Hon. Speaker, I rise to ask Question No.356/2020 to the Cabinet Secretary for Education: (i) Could the Cabinet Secretary explain the current status of COVID-19 infections among learners in Grade Four, Standard Eight, Form Four and students in tertiary institutions and universities as well as teaching and non-teaching staff since the reopening of learning institutions? (ii) What specific measures is the Government undertaking to enhance the safety of learners, teaching and non-teaching staff particularly in the event of a second wave of the COVID-19 pandemic? (iii) What practical measures has the Ministry implemented to ensure that social distancing and other COVID-19 mitigation protocol requirements are adhered to? (iv) Is the Government sufficiently prepared to timeously handle COVID-19 outbreaks in schools, noting the intended full reopening of learning institutions?
Thank you, Hon. Speaker.
To be replied to before the Departmental Committee on Education and Research. The last Question is by the Member for Kisumu West, Hon. Olago Aluoch.
The electronic version of the Official Hansard Report is for information purposesonly. A certified version of this Report can be obtained from the Hansard Editor.
(Kisumu Magharibi, FORD-K); Mhe. Spika, tulipozindua hivi majuzi Kanuni zetu za Kudumu za Bunge la Kitaifa, kumekuwa na tetezi ya kwamba Wabunge wengi kutoka eneo la Nyanza sio wabobea wa lugha ya Kiswahili. Kuthibitisha ya kwamba huo si ukweli kabisa, ningependa kuuliza Swali langu kwa lugha yetu ya kitaifa ya Kiswahili, tafadhali.
Kuonesha vile mmebobea.
Mhe Spika, ningependa kumuuliza Waziri wa Uchukuzi, Miundo-msingi, Makaazi, Usitawi wa Miji na Ujenzi wa Miradi ya Umma: (i) Je, Waziri anaweza kufafanua sababu za Mamlaka ya Viwanja vya Ndege ya Kenya kufunga Barabara ya Usoma-Nawa-Kirembe (C-35) kwa kujenga ukuta ili kulinda sehemu ya kusini ya eneo la ndege la Kisumu, bila kutoa barabara mbadala hivyo kuwatatiza wakaazi kufika makwao kwa kupitia mojawapo ya sehemu mbili za uwanja wa ndege? (ii) Je, Waziri ana habari kuwa karibu shilingi milioni 45 zilitengwa na Mamlaka ya Viwanja vya Ndege ya Kenya ili kuwezesha ubunifu na ujenzi wa barabara mbadala sambamba na barabara ya C35 iliyofungwa, ilhali mamlaka hiyo inadai kwamba pesa hizo hazikutumika kwa kazi hiyo ambayo zilitengewa? (iii) Ni hatua zipi Waziri amechukua ili kuratibu mipango ya Mamlaka ya Viwanja vya Ndenge ya Kenya na Mamlaka ya Barabara za Mijini ya Kenya ya kubuni na kujenga barabara ya C35 ili watu wapate nafasi ya kupitia wanapoenda kwenye makazi yao? Hiyo barabara lazima iinuliwe ili isiharibiwe na kuongezeka kwa viwango vya maji ya Lake Victoria.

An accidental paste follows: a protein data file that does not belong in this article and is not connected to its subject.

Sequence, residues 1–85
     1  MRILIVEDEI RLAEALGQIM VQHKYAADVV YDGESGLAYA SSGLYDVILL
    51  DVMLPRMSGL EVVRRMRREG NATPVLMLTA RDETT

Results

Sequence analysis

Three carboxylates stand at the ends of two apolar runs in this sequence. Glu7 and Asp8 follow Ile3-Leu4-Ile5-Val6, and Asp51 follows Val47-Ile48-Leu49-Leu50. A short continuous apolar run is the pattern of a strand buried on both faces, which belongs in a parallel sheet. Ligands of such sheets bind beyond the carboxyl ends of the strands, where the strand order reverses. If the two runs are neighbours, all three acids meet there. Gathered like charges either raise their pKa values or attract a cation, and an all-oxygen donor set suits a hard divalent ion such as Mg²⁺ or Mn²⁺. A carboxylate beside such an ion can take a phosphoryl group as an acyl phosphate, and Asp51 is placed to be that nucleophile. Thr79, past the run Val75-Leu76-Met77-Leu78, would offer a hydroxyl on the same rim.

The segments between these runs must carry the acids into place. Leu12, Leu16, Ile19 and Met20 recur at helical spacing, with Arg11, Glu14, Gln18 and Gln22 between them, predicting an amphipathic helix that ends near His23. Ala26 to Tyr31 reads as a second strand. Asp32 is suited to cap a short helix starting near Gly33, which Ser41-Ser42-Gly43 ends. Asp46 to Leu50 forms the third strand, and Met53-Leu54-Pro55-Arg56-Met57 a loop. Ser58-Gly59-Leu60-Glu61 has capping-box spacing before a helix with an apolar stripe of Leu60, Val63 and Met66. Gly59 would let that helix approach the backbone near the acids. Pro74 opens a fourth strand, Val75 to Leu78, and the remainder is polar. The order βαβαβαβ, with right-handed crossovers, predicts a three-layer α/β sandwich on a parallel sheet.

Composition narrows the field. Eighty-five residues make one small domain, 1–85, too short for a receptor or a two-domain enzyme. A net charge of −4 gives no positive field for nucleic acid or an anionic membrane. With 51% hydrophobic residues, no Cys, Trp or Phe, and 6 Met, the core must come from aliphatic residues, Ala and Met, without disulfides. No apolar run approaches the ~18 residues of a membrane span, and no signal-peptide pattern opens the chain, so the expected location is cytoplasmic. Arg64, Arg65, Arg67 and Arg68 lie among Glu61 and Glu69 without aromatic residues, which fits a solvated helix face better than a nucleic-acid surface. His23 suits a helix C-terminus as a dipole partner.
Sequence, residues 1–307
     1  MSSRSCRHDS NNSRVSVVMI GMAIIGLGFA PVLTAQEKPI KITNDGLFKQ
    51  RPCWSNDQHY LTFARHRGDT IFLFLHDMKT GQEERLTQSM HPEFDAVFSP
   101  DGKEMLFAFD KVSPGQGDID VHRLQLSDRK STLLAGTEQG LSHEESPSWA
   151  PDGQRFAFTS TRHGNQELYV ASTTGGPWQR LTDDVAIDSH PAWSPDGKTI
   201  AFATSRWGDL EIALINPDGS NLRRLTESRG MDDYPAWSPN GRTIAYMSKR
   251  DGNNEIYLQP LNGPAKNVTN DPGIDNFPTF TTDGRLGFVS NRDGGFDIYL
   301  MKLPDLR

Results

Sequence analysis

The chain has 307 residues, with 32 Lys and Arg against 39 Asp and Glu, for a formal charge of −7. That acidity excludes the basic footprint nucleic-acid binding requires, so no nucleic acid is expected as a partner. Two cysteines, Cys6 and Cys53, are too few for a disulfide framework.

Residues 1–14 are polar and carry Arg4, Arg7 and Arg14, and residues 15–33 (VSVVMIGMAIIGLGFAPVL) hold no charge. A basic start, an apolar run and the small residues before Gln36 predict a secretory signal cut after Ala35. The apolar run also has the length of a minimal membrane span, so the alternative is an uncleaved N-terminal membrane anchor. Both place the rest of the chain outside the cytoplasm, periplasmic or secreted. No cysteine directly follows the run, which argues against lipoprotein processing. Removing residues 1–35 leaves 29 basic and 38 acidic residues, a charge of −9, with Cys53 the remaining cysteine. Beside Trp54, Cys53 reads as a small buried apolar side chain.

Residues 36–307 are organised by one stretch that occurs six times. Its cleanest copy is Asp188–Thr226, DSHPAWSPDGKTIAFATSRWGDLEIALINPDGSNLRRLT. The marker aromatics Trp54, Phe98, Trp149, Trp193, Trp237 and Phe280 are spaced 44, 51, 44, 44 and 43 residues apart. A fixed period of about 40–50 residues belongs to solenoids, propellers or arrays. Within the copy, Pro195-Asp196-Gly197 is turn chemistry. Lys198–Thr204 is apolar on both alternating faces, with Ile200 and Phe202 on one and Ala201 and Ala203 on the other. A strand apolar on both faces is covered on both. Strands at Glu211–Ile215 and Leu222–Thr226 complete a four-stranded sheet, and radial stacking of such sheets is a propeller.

Ahsante Bw. Spika.
Swali lako litajibiwa mbele ya Kamati ya Kiidara ya Uchukuzi, Ujenzi wa Miradi ya Umma na Makaazi. Swali ambalo Mhe. John Olago Aluoch ameuliza limeeleweka na litajibiwa mbele ya Kamati hiyo. Kiswahili chenye ametumia kinaeleweka.
Eti Hoja la nini? Ni hoja ya lidhamu ama Hoja ya Nidhamu?
Basi tumusikilize Mhe. Millie Odhiambo.